Sea ice freezes faster when fluctuations in the atmospheric temperature and friction velocity occur
Laboratory of Multi-Scale Mathematical Modeling, Laboratory of Climate and Environmental Physics, Laboratory of Stochastic Transport of Nanoparticles in Living Systems, Department of Theoretical and Mathematical Physics, Ural Federal University, Lenin ave., 51, 620000, Ekaterinburg, Russian Federation
Accepted: 21 March 2023
Published online: 13 April 2023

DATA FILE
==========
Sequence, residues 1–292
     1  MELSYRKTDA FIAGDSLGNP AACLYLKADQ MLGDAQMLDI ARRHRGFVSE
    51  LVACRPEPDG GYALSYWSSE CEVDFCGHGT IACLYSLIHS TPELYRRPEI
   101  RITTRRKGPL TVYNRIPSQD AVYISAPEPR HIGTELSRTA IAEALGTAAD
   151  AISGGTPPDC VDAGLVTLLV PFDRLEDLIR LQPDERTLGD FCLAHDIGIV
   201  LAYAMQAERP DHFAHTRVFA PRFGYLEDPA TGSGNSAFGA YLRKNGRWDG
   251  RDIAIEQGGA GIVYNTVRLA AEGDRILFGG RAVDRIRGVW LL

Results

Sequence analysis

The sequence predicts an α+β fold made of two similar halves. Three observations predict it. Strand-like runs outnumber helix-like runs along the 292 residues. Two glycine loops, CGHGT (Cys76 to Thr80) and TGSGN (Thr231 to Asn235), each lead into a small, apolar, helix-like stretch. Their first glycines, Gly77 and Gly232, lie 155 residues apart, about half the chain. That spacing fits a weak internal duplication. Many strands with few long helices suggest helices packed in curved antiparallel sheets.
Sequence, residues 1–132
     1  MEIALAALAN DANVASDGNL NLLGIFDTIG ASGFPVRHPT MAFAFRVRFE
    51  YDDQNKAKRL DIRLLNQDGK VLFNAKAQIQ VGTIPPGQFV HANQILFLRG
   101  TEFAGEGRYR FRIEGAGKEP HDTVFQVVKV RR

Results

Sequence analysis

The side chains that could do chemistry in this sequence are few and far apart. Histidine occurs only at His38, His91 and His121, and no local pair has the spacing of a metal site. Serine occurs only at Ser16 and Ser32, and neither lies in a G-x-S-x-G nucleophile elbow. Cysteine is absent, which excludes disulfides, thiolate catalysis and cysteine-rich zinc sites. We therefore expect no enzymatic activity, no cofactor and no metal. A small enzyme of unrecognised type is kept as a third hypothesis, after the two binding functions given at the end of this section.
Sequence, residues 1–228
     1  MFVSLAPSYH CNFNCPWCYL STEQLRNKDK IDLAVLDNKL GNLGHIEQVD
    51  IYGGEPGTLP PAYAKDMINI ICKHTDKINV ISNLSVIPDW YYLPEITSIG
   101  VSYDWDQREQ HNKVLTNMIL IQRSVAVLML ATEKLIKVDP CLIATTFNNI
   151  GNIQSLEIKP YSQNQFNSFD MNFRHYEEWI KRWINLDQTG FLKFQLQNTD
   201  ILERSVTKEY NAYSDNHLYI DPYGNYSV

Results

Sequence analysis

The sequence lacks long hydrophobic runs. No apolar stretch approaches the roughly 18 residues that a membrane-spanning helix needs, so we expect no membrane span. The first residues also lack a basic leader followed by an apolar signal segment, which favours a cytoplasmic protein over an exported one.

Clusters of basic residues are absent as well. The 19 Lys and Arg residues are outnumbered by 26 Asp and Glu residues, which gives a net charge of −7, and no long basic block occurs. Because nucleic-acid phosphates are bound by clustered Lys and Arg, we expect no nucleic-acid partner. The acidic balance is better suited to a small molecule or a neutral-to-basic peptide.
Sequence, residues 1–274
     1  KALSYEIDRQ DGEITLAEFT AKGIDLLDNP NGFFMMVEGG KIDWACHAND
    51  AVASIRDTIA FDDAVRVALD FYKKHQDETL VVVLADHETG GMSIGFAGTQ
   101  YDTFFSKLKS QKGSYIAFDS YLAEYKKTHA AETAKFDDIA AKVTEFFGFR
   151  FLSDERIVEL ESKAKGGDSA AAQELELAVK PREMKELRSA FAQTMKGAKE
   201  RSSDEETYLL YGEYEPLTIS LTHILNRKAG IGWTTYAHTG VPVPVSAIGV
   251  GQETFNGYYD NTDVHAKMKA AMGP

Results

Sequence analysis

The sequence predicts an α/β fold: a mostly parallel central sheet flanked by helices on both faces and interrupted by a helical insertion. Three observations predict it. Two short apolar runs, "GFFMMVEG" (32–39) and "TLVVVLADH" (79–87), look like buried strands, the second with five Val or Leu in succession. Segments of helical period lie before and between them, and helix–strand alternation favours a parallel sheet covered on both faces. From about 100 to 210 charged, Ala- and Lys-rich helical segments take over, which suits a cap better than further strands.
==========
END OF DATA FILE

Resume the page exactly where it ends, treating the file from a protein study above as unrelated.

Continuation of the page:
In this paper, we analyse sea ice freezing in the presence of a two-phase (mushy) layer filled with ice structures and salt water. An exact analytical solution of moving boundary problem is constructed with allowance for turbulent motion of sea water at the phase interface between the mushy layer and ocean. As a result, the temperature and salinity distributions as well as the sea ice fraction are found analytically. The laws of motion for the phase transition boundaries “sea ice–mushy layer” and “mushy layer–ocean” are derived as well. In addition, such structural characteristics of sea ice as its permeability and primary interdendritic spacing are calculated. The heat fluxes (thermal flux emanating from ice surface, thermal flux caused by ice freezing in a mush and residual heat flux caused by ocean cooling) governing the heat budget and influencing climate dynamics and circular air currents over a freezing ocean are analytically deduced too. We analyse how sea ice freezes in the presence of a mushy layer when fluctuations in the atmospheric temperature and friction velocity occur. For this purpose, we introduce corresponding fluctuations based on the Langevin equation and Ornstein–Uhlenbeck stochastic processes. Two types of noises, additive and multiplicative, are considered. The analytical solution obtained is then analysed with allowance for stochastic fluctuations in the atmospheric temperature and friction velocity. One of the main results is that the permeability of sea ice and average interdendritic spacing of ice crystals in the two-phase layer increase as the noise intensity increases. Another important conclusion is that the mushy layer, representing the layer of ice and salt water, becomes thicker and the ocean freezes faster when fluctuations in the atmospheric temperature and friction velocity occur.
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